A “safety zone” is the area or space lawfully set apart within a
roadway for the exclusive use of pedestrians and which is
protected, or which is marked or indicated by vertical signs,
raised markers or raised buttons, in order to make such area or
space plainly visible at all times. Such zones include roadside
construction sites, pedestrian sidewalks, and crosswalks when
occupied, school bus loading and unloading zones, and other
areas that a motor vehicle has access to, but is prohibited by
law from being driven on, over, or through. A safety zone is
also know as a pedestrian refuge or pedestrian

island where a pedestrian(s)
can stop before completely crossing a road. A safety zone
is typically used when a road is very wide, and the time to
completely cross it may be too long for some pedestrians to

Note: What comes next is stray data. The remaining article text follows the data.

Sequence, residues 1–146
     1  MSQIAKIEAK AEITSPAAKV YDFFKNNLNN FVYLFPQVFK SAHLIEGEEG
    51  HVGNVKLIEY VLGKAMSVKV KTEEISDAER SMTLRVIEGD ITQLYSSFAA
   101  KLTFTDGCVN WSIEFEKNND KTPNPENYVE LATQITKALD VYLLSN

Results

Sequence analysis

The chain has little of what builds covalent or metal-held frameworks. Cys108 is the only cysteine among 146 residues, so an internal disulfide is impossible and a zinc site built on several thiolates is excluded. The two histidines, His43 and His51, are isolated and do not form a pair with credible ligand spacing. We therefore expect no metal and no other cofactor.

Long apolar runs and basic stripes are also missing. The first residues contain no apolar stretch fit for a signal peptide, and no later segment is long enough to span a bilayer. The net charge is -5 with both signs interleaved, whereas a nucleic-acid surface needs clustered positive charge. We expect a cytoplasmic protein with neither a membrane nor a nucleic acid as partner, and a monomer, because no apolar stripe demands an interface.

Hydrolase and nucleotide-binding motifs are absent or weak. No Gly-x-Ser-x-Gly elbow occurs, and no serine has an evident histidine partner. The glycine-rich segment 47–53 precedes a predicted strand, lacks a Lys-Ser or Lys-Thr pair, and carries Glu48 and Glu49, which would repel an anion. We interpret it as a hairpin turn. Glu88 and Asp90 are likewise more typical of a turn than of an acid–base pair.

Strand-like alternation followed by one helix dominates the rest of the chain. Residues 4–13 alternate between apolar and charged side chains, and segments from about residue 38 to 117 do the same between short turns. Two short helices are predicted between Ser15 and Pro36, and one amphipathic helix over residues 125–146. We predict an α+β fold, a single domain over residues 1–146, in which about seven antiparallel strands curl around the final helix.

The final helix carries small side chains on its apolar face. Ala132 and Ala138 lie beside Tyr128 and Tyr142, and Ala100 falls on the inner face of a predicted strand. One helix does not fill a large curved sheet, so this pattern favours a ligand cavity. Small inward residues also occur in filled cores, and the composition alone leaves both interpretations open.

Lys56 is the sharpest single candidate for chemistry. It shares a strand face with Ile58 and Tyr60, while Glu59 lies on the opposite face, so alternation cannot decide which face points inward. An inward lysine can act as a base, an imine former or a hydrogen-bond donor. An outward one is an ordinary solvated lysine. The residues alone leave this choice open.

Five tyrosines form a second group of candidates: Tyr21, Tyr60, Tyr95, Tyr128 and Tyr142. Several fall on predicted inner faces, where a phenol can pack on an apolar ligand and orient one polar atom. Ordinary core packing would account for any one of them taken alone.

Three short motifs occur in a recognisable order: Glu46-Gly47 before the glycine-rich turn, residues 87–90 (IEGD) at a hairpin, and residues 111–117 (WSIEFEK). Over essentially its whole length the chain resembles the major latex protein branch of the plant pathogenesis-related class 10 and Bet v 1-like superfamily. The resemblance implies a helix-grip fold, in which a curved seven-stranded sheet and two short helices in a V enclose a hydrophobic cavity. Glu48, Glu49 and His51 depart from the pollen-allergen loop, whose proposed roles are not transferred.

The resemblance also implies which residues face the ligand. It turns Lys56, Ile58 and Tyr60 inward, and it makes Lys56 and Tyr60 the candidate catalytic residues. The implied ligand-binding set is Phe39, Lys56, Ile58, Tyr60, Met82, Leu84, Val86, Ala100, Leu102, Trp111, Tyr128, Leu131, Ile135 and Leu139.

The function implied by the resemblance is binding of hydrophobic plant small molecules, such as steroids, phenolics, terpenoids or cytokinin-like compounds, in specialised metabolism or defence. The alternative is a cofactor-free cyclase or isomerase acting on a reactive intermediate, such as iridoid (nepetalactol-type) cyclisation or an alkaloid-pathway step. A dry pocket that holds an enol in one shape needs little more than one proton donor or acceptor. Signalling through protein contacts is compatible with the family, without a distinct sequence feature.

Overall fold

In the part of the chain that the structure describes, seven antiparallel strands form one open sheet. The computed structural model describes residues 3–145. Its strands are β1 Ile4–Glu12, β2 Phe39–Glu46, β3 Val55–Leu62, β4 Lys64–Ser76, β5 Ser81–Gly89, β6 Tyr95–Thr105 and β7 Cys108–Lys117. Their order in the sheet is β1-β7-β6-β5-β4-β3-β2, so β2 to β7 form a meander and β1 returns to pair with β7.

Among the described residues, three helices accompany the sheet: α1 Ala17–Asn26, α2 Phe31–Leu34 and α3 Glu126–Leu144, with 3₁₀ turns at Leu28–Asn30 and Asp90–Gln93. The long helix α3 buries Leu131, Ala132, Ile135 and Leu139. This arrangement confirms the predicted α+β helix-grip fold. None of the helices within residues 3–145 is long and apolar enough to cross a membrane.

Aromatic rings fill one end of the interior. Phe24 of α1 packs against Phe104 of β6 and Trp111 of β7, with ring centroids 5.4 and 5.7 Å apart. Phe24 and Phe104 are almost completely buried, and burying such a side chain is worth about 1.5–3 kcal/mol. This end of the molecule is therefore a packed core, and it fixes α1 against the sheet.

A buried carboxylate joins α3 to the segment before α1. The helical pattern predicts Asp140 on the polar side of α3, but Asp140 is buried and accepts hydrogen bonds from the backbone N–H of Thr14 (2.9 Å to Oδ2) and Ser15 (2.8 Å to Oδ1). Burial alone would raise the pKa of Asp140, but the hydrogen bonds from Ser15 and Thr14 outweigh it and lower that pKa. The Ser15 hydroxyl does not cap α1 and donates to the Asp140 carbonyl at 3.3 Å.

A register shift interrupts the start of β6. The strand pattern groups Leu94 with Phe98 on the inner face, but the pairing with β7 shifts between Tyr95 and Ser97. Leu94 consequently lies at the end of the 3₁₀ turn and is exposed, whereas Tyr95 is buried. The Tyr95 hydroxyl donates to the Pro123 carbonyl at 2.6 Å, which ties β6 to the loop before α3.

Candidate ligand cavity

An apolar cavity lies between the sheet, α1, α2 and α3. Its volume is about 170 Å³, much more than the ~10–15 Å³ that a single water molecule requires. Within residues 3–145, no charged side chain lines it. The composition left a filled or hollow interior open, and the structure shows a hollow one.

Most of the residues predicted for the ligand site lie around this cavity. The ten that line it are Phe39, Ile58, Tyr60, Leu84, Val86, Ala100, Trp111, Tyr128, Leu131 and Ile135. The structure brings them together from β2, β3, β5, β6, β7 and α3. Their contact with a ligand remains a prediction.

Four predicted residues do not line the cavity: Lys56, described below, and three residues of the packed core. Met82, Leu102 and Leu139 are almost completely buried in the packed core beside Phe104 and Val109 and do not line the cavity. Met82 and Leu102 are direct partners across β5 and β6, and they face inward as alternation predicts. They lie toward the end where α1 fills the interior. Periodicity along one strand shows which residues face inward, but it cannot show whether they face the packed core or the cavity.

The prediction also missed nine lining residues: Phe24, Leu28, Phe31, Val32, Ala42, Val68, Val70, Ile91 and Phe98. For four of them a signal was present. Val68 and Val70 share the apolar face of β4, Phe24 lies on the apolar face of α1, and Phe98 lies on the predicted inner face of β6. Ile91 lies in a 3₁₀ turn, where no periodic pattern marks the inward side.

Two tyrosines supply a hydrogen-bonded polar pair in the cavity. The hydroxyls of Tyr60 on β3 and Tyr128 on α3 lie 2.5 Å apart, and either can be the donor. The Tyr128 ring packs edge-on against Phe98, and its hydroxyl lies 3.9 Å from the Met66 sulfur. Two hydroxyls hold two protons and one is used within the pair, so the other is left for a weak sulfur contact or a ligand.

cross during a traffic signal’s walk cycle. It is also often
used when there is no traffic signal, and a pedestrian(s) needs
‘a safe zone’ on which to stop after crossing one direction of
traffic and before crossing the next direction of traffic. A
safety zone is intended to significantly reduce the risk for a
pedestrian (s) crossing a wide road with a speed limit greater
than 25 mph from being struck by an oncoming vehicle. A
pedestrian(s) is able to use two gaps in traffic traffic by
stopping on the safety zone between opposing travel lanes or
oncoming traffic and waiting for a gap in traffic in order to
complete a crossing. The use of a safety zone often reduces the
average wait time for a pedestrian(s) to cross a road. It also
improves safety for an impatient pedestrian(s) who may attempt
to use a single gap in traffic that is insufficient for a safe
crossing on a wide two-way road.